I have forgotten many expenses such as cell phone, IDSA related (several thousand) and personal computer costs that would raise the pay needed to do business. Thanks to everyone for the reminder. My quick estimate is most certainly low.
Still the point remains, those designers making less than it takes to go to work AND build your future are getting used by their employers.
Donâ€™t get me wrong, I am not against the employers, they also need to look at what it takes to live and grow and charge their clients accordingly.
Mighty, if you donâ€™t make at least $40K you should start looking for something else. You should start paying into your retirement today ($4K into a Roth IRA). You need experience to grow. Not just work experience but life and purchasing experience. It always helps me to think of the last thing I can remember purchasing, and what led me to the decision to buy, in designing what I am working on.
Mighty had a good idea with comparing cost of living with area, although I am sure this is available on the net, but I would be interested to see what designers spend their money on with relation to level of design experience. I am sure we would identify some paradigm shifts that all could learn from. When does your thought go from buying CDâ€™s and markers to buying suits and memberships to networking clubs?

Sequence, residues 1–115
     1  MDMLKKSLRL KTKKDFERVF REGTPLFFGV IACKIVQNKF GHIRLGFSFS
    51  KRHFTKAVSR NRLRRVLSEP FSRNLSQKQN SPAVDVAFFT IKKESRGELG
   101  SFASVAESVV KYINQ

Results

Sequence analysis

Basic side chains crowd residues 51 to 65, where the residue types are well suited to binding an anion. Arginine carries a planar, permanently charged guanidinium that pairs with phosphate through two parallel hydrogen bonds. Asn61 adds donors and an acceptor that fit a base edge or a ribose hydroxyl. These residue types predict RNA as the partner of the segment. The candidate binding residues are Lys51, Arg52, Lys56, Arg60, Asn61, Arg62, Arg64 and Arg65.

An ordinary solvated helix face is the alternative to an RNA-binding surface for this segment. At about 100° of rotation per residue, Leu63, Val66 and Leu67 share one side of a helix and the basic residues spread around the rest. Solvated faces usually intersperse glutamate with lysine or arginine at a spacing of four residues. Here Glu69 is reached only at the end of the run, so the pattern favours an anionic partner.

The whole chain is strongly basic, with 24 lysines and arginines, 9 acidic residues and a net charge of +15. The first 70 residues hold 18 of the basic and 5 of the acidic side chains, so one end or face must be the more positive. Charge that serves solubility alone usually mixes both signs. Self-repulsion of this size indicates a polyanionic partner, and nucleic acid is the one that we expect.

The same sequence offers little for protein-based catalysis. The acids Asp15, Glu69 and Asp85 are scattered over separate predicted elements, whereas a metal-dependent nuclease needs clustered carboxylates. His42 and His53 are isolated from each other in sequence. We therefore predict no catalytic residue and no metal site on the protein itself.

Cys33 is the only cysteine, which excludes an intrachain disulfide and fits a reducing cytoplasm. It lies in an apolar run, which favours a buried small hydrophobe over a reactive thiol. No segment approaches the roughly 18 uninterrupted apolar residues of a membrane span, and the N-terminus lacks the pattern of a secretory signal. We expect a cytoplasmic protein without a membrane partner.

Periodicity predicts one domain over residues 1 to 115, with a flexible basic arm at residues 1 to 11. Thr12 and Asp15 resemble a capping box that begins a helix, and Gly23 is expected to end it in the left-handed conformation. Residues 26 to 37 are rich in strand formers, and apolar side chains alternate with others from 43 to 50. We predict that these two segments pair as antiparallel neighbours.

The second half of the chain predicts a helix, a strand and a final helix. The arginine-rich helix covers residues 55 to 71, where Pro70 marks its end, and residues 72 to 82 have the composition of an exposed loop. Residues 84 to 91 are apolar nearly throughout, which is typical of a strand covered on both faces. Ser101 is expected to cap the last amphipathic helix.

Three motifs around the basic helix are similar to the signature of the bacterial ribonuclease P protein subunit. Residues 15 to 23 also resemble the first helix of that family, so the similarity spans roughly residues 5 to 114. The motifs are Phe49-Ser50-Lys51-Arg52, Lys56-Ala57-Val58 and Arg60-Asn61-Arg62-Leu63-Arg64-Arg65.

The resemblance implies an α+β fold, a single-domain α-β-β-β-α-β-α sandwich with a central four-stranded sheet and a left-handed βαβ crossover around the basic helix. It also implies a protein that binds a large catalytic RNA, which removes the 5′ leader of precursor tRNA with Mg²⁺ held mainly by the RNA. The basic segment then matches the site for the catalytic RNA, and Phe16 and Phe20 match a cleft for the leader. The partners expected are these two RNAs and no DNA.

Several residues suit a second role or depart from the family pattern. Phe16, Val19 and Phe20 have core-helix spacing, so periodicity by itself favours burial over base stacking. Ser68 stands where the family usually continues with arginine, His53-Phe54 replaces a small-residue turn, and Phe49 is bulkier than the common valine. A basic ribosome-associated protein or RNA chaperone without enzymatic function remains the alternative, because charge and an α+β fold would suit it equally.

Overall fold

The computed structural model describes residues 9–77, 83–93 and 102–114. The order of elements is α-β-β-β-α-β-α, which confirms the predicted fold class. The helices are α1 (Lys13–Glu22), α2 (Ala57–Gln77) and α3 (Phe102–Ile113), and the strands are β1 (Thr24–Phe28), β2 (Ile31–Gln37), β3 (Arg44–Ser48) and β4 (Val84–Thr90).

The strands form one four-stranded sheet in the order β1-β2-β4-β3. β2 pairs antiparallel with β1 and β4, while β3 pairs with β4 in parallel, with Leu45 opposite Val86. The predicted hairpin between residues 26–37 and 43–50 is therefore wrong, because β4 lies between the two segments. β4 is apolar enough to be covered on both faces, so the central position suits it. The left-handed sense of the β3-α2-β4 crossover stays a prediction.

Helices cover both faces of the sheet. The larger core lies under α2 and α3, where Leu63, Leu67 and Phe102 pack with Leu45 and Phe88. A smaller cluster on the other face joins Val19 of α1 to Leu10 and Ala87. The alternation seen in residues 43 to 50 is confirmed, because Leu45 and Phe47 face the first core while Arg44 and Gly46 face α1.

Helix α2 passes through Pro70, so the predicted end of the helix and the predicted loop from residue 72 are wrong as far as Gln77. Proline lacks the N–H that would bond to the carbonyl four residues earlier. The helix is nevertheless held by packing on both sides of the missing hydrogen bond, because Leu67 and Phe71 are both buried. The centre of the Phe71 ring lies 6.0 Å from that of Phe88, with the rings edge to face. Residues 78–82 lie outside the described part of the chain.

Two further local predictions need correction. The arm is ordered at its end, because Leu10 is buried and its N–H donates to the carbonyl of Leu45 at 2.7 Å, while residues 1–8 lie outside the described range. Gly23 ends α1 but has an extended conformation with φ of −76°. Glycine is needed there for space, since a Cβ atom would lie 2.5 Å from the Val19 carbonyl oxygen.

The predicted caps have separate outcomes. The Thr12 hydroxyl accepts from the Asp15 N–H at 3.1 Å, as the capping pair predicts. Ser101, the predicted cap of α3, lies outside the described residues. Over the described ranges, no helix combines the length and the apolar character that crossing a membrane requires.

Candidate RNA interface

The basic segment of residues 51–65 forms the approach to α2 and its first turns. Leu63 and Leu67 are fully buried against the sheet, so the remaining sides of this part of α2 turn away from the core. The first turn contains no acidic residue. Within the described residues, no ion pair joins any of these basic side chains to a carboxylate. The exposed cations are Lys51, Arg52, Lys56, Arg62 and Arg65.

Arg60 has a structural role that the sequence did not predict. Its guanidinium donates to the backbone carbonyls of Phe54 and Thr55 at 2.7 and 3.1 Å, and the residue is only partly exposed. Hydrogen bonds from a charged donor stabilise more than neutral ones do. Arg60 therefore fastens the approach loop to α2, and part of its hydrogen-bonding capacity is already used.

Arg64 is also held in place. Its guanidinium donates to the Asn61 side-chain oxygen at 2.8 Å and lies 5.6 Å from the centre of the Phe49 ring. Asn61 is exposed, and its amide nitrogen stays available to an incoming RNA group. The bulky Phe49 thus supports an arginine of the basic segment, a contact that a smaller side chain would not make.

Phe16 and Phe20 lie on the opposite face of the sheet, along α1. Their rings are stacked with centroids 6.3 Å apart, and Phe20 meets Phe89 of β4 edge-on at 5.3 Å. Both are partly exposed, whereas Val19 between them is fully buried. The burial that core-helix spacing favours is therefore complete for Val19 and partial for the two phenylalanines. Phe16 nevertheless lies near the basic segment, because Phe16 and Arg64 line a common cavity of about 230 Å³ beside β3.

I’m really glad we’re going through this exercise. I’m finding it very helpful to note all my expenses (I’m still missing some, but thanks for everyone’s tips) and to break them down in this way. There are cost-of-living calculators online, but this is good because it also breaks down some design-specific expenses, and it points out some often-forgotten expenses.
While I agree that I could/should be earning more, and that I definitely need to start the retirement fund, I do think that some financial corners can be cut without being detrimental to the designer and his/her career needs. For instance, you don’t need to shop at Men’s Wearhouse to get a good deal on a suit. There are other ways to be savvy and avoid paying full-price while looking appropriately professional. I also find it generally helpful to question my purchases, whether it’s clothing or a pastry shop. The point is not to be a martyr, but simply to keep track of one’s spending and the reasons for it.
In any case, I do hope some people from other parts of the country will contribute with their own expenses.